Old-Fashioned Family Fun at the Holt Farmstead
Aug 03, 2016 10:48AM ● Published by Bryan Scott
Fun games available to try at the event –Mylinda LeGrande
Gallery: Old-Fashioned Family Fun at the Holt Farmstead [3 Images] Click any image to expand.
By Mylinda LeGrande | email@example.com
South Jordan, Utah - It was a perfect summer’s evening on July 1, for the fourth annual Fun at the Farmstead event held at the Holt Family Farm, sponsored by South Jordan Arts Council. The temperature was verging on hot, but a slight breeze hinted toward a cooler evening to come. Families in attendance participated in various events.
On the side of the Holt Farmhouse, children waited in line for their own personal pony rides. Photographer, Ryan Robison, was available to take family or individual pictures on an ancient low-hanging tree branch or elsewhere around the farm.
A barbecue dinner was available for purchase which included either pulled pork or hot dog along with baked beans, fruit, ice cream brownie sundae and lemonade. Games, such as barrel and potato sack racing, a ducky derby and a coloring contest were ongoing throughout the night. Hired Guns Band provided old-fashioned, knee slappin’ music in front of a crowd relaxing on chairs. Sights and Sounds of Summer provided the movie “Minions.”
All ages could be found enjoying the entertainment. Jessica and daughter Joslyn Mitchel’s parents live across the street from the farmstead. Jessica said, “We just got here not too long ago, and this one won’t leave the ponies alone. The other kids are dancing to the music here. We don’t live here, we are military, so we are in the process moving and here visiting [our parents] for the Fourth of July.”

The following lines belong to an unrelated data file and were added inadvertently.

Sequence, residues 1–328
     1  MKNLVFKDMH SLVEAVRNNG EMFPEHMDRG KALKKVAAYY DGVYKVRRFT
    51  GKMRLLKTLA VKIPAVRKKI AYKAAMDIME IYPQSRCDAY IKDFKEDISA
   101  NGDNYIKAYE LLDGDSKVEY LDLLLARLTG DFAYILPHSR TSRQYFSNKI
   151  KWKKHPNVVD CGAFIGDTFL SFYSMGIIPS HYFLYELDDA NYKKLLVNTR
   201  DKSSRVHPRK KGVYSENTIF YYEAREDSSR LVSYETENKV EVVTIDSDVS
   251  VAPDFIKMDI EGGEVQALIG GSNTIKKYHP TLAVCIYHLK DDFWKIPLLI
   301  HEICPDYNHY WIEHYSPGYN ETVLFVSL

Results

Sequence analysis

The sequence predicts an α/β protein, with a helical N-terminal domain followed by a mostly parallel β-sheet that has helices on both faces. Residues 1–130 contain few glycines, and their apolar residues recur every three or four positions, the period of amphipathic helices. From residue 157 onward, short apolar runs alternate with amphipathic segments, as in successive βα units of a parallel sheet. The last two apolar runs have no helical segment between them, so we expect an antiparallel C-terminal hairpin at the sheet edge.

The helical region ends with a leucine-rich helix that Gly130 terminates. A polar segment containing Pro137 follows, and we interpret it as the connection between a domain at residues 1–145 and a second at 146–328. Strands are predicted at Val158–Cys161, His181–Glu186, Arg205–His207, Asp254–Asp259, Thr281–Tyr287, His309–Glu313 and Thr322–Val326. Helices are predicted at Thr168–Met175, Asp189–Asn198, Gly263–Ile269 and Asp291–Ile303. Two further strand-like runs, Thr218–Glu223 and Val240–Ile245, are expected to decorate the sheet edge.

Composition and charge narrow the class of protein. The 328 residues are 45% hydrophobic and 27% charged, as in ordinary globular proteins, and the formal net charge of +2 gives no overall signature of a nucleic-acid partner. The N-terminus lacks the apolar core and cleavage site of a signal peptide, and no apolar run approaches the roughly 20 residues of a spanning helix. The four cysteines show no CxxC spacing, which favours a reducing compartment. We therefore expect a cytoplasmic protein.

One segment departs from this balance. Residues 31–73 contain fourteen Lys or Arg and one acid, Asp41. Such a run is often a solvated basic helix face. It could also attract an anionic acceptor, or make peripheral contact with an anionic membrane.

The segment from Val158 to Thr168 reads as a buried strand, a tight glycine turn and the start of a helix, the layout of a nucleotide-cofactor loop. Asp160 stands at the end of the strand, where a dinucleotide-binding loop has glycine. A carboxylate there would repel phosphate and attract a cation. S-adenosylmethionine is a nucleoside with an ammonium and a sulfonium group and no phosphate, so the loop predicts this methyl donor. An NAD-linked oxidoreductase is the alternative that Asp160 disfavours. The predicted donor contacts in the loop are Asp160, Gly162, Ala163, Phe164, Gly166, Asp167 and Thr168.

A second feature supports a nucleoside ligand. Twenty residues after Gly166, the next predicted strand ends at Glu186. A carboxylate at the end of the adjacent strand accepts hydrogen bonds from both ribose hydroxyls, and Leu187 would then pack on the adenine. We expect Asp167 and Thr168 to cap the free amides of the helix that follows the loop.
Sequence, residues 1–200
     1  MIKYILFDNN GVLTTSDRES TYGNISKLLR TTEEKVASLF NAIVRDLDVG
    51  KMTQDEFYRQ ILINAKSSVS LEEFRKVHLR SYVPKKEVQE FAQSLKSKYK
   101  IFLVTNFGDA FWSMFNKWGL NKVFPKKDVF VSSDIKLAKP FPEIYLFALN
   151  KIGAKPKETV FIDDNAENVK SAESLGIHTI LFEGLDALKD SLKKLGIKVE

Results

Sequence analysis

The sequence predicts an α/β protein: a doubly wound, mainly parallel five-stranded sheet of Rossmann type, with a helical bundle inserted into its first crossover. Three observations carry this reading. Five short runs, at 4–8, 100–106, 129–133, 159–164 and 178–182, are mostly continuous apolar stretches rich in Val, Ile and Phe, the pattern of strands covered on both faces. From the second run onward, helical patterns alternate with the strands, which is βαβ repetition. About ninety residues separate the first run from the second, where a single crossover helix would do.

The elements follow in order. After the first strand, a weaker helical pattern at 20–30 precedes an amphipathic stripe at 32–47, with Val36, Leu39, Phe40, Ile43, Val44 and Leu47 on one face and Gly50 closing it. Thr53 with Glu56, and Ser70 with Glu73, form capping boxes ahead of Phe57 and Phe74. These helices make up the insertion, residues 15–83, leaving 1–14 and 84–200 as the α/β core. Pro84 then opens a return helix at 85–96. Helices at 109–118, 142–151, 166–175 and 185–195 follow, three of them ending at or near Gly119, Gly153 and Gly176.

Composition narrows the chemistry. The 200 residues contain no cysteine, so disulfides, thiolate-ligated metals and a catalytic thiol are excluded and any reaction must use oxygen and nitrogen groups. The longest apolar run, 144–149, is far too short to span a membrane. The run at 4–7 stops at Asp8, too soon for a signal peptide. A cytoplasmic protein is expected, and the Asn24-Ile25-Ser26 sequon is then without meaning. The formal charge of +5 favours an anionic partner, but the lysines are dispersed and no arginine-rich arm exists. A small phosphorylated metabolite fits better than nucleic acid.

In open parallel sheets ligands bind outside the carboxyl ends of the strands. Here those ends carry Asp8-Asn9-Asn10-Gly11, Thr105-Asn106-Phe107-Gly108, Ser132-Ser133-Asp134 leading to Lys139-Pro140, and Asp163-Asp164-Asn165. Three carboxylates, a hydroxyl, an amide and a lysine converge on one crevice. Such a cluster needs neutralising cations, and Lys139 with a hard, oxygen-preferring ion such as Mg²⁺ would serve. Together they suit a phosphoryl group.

The inaugural event for the Farmstead took place on July 12, 2013, for the dedication of the Farm. This was following the City of South Jordan being presented a Heritage Award for the Rehabilitation of the Samuel E. Holt Farmstead in 2010.
Samuel E. Holt, the original property owner, passed the farm down to his daughter, Mame (known commonly as “Aunt Mame”). At age 96, she agreed to have the property listed on the state’s historic register. When she died in 2004, at the age of 99, the property went to her great nephew, Russ Newbold’s father and two brothers. According to the South Jordan City website, “When he (Russ Newbold) was young, he began to dream about restoring her house. [It] got under his skin, into his heart, and into South Jordan’s plans. Two years later, a developer, the Arbor Group, offered to buy the property.”
As part of the restoration, several outbuildings on the farmstead were rehabilitated including the garage, chicken coop, buggy shed, granary, coal shed, and milk house, but the biggest project was the renovations to the Victorian-style house. In addition, a new subdivision has been developed with large, modern home sites that surround the farm.
“At that time we began discussing our plans with the City of South Jordan,” Russ Newbold said. “They expressed a keen interest in converting a portion of the property to a historic site and park. The intent was for the family and developer to donate a portion of the property to South Jordan City. South Jordan would then restore the historic site, and the surrounding acreage would be transformed into a residential subdivision. As a preservation consultant for South Jordan, I finally had the opportunity to create the scope and construction documents for the exterior restoration of the house and barns, and also to work with the local architect and contractor on preservation issues. All those years of dreaming of the restoration have been fulfilled. Aunt Mame wanted the farm to be a place where people could come and feel welcome. Every community should have historic sites such as this—a place where people can experience history in an engaging and meaningful way over and over again. Aunt Mame’s farm will again become the gathering place for families and the community.”